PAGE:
If you have constipation

Constipation means that you’re not able to open your bowels routinely and it can become difficult or painful for you to pass bowel motions. Some chemotherapy drugs, anti-sickness drugs and painkillers can cause constipation.

Tips to help prevent or reduce constipation:

  • Make sure you have plenty of fibre (roughage) in your diet. Good sources of fibre include: wholewheat breakfast cereals like Weetabix®, Shredded Wheat® or muesli; wholemeal bread and flour; brown rice; wholemeal pasta; and fresh fruit and vegetables.
  • Make sure you drink plenty of fluids – both hot and cold drinks will help. Aim to drink at least two litres (3.5 pints) a day. This is particularly important if you increase the amount of fibre in your diet, as eating fibre without drinking enough fluids can make constipation worse.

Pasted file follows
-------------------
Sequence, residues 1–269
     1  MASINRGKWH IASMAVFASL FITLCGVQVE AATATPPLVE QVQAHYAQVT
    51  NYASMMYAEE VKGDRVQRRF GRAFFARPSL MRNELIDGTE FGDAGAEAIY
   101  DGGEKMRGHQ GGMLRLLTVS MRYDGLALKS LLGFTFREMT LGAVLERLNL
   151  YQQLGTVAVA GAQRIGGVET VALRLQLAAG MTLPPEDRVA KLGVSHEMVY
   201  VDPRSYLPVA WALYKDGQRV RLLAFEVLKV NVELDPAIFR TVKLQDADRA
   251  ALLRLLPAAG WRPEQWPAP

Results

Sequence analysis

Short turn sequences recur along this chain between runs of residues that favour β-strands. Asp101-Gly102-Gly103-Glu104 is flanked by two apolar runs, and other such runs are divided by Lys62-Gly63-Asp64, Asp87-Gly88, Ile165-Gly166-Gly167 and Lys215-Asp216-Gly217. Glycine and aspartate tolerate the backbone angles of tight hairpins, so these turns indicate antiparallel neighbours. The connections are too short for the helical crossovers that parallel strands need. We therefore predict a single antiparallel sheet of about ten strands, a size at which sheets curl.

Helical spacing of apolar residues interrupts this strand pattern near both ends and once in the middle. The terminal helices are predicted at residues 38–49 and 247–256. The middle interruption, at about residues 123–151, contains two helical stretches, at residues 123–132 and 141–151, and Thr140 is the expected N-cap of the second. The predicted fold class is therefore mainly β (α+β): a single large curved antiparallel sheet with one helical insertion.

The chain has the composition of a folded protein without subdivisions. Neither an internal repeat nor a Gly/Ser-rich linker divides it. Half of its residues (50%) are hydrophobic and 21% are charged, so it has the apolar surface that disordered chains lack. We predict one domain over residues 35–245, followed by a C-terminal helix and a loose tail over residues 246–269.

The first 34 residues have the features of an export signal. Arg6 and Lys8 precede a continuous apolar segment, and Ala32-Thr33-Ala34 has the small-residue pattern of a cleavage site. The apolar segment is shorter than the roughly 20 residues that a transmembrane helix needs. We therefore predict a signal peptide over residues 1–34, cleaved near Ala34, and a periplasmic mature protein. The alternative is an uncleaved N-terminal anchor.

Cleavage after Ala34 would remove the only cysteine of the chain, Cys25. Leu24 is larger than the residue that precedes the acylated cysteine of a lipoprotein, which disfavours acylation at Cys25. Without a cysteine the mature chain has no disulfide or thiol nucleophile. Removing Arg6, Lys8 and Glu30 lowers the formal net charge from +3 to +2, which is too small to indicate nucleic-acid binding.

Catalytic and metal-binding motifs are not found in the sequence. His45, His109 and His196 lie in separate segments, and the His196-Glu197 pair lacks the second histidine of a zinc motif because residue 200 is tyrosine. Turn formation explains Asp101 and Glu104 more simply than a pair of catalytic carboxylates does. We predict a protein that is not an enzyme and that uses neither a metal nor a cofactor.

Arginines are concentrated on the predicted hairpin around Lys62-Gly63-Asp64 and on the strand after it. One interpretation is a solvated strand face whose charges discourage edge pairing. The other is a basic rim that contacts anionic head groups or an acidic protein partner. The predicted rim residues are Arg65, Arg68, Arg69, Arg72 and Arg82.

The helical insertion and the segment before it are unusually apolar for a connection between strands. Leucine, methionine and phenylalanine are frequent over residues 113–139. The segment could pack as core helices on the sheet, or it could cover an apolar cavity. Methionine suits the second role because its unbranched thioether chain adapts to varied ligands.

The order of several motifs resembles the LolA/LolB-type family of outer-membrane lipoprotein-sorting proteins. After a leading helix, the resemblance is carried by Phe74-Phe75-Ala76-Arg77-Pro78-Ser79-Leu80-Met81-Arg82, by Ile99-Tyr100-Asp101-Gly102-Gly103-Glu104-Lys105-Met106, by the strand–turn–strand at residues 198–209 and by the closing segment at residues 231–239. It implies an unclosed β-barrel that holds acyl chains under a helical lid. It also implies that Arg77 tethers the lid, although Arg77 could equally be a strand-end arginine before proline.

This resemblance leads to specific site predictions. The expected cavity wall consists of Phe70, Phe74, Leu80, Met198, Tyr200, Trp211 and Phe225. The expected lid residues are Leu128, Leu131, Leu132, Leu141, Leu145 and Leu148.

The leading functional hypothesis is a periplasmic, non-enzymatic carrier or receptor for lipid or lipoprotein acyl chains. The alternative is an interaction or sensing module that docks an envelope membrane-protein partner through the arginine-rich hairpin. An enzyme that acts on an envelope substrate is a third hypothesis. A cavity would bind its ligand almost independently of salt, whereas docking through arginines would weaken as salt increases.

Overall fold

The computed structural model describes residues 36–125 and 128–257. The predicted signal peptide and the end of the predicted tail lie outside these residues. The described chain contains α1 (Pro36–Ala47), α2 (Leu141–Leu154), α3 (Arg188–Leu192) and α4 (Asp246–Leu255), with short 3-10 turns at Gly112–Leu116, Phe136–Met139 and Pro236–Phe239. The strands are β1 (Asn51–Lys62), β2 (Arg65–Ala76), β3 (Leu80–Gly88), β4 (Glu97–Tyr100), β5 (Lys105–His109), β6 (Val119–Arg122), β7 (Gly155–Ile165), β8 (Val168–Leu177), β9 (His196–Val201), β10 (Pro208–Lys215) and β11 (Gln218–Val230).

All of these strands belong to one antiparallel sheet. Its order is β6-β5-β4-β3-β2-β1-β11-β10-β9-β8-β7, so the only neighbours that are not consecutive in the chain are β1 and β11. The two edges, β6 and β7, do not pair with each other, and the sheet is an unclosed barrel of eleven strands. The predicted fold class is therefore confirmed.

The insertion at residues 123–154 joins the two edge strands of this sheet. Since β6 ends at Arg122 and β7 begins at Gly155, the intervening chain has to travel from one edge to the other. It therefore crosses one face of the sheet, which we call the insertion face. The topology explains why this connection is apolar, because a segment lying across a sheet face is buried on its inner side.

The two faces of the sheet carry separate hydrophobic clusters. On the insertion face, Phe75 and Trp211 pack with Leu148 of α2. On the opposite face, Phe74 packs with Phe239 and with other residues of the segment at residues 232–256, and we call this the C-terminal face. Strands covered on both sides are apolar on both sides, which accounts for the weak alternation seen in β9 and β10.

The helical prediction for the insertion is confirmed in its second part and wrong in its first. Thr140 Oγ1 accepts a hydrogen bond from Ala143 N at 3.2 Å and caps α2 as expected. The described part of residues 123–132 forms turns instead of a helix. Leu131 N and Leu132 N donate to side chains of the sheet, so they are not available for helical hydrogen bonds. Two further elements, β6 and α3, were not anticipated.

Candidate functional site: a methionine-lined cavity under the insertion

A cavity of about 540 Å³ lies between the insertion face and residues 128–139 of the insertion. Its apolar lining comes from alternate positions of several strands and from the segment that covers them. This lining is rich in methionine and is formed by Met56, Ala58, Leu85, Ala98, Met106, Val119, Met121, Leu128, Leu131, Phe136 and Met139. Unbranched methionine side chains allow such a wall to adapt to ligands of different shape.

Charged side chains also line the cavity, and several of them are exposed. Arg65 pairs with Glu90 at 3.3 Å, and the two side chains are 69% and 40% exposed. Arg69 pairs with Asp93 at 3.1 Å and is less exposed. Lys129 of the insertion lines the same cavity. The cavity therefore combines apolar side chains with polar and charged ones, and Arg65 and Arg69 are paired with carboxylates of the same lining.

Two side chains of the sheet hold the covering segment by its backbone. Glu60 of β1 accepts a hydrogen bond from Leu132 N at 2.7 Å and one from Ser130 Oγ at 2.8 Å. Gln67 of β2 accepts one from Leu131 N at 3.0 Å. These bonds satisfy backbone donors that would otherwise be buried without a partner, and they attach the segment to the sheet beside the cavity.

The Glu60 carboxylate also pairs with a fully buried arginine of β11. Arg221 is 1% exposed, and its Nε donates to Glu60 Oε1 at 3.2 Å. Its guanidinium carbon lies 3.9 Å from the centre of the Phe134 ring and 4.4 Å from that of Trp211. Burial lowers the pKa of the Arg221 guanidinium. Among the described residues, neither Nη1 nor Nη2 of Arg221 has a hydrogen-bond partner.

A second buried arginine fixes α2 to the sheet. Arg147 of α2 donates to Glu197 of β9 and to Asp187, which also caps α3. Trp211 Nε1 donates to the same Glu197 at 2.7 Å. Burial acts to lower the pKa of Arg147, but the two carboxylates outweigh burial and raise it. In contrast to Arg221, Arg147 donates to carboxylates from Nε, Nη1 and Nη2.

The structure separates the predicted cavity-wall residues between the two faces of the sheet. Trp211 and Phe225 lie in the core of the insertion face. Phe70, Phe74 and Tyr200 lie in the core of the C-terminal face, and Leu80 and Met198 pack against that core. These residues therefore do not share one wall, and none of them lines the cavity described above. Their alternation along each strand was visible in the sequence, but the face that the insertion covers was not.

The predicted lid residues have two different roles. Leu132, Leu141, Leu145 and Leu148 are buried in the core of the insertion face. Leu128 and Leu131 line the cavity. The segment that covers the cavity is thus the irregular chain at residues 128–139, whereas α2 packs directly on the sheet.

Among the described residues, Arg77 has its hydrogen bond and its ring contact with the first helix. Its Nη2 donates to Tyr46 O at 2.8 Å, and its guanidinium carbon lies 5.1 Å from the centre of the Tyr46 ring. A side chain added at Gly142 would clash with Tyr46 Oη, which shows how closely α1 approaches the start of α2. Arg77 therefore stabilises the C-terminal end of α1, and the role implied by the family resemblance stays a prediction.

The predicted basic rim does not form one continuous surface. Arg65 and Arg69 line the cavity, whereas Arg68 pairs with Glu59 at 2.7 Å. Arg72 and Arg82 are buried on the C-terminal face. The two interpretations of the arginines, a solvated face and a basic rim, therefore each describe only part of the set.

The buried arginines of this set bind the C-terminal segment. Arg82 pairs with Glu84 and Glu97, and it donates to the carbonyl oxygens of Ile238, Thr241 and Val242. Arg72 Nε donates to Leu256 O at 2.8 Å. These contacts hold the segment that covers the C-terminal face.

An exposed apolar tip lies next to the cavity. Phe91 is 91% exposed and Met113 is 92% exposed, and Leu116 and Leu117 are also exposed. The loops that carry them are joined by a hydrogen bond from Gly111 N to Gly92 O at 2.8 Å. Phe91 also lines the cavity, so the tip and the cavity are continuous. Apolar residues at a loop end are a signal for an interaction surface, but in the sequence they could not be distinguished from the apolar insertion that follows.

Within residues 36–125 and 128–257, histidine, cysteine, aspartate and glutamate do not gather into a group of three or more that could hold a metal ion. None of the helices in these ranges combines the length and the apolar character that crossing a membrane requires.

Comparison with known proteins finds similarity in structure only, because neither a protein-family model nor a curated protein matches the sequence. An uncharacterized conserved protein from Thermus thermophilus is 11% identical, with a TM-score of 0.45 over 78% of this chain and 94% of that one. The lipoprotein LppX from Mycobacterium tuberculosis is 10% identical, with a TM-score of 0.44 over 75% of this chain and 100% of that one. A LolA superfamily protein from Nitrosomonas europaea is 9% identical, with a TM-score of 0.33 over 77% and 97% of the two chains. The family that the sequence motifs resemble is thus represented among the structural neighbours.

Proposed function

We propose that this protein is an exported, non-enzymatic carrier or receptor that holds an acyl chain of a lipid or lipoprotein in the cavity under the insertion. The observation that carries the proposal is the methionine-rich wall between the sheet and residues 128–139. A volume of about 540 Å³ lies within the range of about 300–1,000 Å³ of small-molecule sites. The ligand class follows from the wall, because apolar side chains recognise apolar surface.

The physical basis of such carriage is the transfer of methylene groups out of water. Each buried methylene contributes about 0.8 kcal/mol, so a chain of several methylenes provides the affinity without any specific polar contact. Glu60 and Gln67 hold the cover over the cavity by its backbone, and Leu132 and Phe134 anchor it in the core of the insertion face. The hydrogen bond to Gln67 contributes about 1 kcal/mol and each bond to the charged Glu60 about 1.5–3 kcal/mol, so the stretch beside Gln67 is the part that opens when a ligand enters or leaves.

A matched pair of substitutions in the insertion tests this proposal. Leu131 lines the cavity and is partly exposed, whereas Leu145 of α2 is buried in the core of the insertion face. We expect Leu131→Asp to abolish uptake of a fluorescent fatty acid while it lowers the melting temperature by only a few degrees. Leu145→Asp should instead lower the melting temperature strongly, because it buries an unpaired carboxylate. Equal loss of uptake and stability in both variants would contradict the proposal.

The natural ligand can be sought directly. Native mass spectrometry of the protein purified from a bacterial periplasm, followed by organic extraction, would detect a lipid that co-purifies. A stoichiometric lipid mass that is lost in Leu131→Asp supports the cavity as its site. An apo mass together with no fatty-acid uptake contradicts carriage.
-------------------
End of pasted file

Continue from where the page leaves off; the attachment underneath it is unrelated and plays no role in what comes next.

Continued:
• Popular natural remedies for constipation are prune juice, prunes and syrup of figs.
  • Gentle exercise, such as walking, will help keep your bowels moving.
  • If the constipation is due to medicines that you’re taking, it may be possible to adjust the dose you take. You may need to take laxatives as well. Talk to your doctor who can give you further advice.

If you have cancer of the bowel, or you think that your bowel may be affected by your cancer treatment, always ask your doctor or specialist nurse for advice on dealing with constipation. A diet with lots of fibre in it may make your symptoms worse.